Wednesday, September 05, 2018

I Like Numbers with my Election News

In yesterday's Democratic congressional primary for Massachusetts US House District, "progressive" Boston City Councilor Ayanna Pressley defeated 10-term incumbed Michael Capuano.

I've now read five accounts of the outcome at fairly major news sites: Yahoo! News, the Boston Globe, Fox News, the New York Times, and The Daily Beast.

The first paragraph of the Daily Beast account informs me that "it wasn't even close." And then goes on for another thousand words without telling me how not-close it was.

The New York Times story notes that Capuano conceded with "barely 13 percent of the votes counted," but offers no clue as to how many votes were cast or what the final result was, other than that Pressley won.

Fox reports that Pressley had a lead of 10,682 votes with 69 percent of precincts reporting. Out of how many votes cast?  What relative percentages does that number reflect? Nary a word.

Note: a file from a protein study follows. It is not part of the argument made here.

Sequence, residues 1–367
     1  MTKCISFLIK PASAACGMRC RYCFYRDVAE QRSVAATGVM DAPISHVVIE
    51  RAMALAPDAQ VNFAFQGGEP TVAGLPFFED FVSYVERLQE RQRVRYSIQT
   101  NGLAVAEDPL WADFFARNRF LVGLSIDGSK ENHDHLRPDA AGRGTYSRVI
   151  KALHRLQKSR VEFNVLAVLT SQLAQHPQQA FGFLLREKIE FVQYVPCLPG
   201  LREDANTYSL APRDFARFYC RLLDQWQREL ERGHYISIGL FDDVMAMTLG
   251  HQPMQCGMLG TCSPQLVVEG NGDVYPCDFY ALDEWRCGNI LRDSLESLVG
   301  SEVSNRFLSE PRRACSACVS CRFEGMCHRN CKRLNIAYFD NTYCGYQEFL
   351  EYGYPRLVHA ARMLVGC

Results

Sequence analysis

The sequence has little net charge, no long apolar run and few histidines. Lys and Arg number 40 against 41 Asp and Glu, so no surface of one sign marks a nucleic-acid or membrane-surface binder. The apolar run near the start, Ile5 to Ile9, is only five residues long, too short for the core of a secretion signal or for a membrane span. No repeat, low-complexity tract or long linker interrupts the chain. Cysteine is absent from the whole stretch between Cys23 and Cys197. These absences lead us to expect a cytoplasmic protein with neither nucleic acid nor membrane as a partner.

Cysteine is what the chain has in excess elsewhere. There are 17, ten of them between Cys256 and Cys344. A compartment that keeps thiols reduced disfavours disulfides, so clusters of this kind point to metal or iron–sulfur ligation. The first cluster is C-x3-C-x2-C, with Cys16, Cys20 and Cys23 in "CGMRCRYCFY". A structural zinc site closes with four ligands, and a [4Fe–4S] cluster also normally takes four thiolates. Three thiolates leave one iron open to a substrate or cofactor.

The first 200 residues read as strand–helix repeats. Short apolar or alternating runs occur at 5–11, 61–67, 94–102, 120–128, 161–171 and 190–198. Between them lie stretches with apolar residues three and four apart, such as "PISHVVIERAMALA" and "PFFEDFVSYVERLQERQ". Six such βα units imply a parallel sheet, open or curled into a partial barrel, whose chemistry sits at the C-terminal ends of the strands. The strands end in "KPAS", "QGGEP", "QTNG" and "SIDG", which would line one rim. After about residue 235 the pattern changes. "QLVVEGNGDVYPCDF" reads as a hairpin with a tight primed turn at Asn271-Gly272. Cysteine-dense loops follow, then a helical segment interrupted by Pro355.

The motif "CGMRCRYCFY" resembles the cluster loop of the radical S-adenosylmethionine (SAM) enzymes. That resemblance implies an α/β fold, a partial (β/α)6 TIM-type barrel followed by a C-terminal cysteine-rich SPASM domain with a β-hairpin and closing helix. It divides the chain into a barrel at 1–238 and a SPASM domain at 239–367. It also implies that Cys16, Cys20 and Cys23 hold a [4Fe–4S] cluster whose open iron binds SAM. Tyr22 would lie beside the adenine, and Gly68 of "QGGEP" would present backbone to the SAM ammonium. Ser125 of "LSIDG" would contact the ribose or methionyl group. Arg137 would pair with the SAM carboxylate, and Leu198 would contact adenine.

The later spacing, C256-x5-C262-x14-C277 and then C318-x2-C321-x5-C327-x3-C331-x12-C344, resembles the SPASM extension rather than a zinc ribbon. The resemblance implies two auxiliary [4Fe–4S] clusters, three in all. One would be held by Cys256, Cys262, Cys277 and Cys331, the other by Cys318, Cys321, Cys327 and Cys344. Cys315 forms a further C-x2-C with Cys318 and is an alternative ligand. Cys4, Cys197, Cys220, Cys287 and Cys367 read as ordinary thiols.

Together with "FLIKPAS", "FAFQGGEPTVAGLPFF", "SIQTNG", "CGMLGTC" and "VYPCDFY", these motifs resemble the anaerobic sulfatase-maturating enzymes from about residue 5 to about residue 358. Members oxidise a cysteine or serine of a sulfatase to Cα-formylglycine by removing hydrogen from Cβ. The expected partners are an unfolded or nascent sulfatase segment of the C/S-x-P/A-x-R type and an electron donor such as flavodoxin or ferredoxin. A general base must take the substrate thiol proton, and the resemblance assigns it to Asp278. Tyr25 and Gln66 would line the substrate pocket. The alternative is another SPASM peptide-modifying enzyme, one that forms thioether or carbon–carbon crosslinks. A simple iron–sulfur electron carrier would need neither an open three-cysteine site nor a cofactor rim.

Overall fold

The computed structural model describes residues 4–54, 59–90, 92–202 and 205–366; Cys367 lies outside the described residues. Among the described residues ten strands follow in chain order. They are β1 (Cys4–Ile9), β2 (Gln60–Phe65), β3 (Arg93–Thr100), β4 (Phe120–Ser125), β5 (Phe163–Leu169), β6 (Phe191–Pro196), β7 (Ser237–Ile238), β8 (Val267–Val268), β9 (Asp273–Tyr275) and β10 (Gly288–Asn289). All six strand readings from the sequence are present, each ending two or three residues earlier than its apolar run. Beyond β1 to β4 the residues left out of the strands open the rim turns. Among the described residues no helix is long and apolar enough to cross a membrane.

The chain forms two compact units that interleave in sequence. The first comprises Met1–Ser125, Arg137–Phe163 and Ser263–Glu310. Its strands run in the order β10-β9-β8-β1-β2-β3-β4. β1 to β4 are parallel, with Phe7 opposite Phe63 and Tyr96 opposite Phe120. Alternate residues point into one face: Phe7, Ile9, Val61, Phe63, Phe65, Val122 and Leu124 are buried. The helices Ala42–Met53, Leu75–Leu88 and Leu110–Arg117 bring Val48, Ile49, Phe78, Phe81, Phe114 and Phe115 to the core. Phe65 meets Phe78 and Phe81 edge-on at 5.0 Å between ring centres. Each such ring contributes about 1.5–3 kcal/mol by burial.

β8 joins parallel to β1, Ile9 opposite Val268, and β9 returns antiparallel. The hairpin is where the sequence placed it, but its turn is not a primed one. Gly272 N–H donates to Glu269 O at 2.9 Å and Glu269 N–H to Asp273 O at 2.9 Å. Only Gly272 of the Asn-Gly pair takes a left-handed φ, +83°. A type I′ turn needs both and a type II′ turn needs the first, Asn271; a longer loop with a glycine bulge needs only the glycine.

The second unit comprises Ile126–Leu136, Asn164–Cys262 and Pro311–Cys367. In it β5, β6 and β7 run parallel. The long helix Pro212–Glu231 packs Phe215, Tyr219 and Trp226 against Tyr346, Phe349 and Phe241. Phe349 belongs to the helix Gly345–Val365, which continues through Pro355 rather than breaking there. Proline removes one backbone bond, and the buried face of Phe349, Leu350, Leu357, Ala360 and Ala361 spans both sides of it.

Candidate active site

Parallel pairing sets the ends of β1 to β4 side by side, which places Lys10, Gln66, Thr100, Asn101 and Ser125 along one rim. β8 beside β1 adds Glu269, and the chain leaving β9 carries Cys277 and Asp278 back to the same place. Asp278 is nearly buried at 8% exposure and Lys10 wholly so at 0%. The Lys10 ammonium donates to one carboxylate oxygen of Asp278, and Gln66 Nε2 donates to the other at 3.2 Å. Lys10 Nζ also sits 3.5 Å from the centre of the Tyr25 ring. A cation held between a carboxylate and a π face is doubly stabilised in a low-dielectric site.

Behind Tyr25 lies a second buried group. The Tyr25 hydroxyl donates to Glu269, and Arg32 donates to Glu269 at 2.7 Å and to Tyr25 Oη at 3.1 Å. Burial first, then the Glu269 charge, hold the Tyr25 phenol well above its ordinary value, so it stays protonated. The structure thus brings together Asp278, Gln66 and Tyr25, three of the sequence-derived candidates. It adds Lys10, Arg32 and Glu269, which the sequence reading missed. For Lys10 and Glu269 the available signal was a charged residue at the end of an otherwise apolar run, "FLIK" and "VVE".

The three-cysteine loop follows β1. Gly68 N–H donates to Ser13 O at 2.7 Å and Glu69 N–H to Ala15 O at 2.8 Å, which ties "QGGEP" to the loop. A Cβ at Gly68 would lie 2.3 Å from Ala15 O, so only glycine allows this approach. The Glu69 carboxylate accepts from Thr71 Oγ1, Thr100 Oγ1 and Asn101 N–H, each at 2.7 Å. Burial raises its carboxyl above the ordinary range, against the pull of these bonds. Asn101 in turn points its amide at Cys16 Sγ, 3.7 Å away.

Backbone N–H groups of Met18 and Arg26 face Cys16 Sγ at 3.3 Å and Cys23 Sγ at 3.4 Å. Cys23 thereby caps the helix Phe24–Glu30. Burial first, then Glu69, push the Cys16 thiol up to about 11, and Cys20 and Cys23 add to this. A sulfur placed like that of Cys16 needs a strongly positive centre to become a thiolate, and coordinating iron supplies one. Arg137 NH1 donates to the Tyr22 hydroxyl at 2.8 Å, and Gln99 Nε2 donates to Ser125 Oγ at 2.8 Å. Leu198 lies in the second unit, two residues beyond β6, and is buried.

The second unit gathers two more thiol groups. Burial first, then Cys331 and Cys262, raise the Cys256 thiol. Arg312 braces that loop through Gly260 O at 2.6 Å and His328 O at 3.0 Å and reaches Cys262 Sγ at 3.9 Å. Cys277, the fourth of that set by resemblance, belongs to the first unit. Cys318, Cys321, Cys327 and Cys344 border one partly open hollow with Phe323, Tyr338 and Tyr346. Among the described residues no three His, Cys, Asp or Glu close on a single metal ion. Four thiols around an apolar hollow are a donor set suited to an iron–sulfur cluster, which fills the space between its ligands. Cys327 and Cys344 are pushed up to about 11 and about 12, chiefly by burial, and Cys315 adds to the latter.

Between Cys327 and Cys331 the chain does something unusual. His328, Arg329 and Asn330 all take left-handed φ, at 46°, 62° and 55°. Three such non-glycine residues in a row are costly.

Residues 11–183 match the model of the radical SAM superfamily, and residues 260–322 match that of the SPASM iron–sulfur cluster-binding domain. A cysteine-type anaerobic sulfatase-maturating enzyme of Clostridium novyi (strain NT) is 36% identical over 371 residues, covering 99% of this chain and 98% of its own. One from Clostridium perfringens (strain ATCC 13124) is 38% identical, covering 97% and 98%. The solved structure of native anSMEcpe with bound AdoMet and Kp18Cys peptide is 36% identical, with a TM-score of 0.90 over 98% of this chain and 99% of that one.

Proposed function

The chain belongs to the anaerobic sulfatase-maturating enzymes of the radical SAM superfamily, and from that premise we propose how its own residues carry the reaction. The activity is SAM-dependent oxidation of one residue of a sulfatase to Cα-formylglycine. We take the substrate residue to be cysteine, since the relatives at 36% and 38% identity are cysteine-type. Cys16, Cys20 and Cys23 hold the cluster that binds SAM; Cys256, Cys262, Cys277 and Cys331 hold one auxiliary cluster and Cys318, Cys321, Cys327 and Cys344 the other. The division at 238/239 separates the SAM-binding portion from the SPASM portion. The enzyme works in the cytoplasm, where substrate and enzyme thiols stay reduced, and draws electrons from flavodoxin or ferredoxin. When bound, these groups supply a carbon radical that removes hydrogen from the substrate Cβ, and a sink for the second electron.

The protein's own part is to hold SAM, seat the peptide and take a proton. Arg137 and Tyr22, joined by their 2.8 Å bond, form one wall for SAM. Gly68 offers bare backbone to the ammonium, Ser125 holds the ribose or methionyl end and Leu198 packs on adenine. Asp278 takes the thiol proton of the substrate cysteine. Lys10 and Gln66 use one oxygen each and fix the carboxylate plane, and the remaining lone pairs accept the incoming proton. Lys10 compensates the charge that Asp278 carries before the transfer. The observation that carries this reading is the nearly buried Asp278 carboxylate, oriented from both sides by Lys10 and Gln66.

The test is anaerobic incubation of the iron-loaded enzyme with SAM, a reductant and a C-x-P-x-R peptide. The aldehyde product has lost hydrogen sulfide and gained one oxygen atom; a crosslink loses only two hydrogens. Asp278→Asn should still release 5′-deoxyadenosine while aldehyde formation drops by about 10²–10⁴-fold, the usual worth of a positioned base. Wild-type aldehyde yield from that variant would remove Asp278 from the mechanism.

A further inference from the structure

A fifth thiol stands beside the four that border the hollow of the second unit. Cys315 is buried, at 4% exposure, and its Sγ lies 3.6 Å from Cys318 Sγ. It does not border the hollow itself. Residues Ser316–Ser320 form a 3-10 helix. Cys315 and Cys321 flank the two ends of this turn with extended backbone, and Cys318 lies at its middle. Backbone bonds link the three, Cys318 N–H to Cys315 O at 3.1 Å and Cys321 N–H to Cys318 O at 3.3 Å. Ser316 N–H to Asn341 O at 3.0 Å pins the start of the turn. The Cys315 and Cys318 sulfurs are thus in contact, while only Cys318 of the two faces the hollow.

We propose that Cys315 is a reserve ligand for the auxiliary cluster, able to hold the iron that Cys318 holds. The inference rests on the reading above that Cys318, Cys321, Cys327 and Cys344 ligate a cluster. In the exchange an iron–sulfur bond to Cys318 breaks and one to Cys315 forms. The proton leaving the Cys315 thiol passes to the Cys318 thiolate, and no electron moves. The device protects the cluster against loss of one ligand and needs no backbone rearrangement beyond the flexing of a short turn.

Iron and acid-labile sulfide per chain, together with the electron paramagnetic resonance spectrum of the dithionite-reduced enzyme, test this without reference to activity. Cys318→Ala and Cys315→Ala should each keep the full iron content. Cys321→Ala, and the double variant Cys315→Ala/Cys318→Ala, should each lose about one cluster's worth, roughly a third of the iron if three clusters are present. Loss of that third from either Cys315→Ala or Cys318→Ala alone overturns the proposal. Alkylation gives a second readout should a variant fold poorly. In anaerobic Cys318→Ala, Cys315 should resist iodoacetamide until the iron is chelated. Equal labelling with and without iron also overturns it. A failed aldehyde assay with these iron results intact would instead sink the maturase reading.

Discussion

The Boston Globe piece is an editorial that refers to a "resounding victory" and links to a paywalled article that may or may not have actual numbers. I guess they get half a pass here since they're discussing something they've apparently already reported elsewhere.

No numbers at all in the Yahoo piece.

It seems to me that vote percentages -- even if only incomplete ones because not all precincts have reported -- are the third basic and essential element in a news story about how an election came out (the first two being what office the election was for and who the candidates were).

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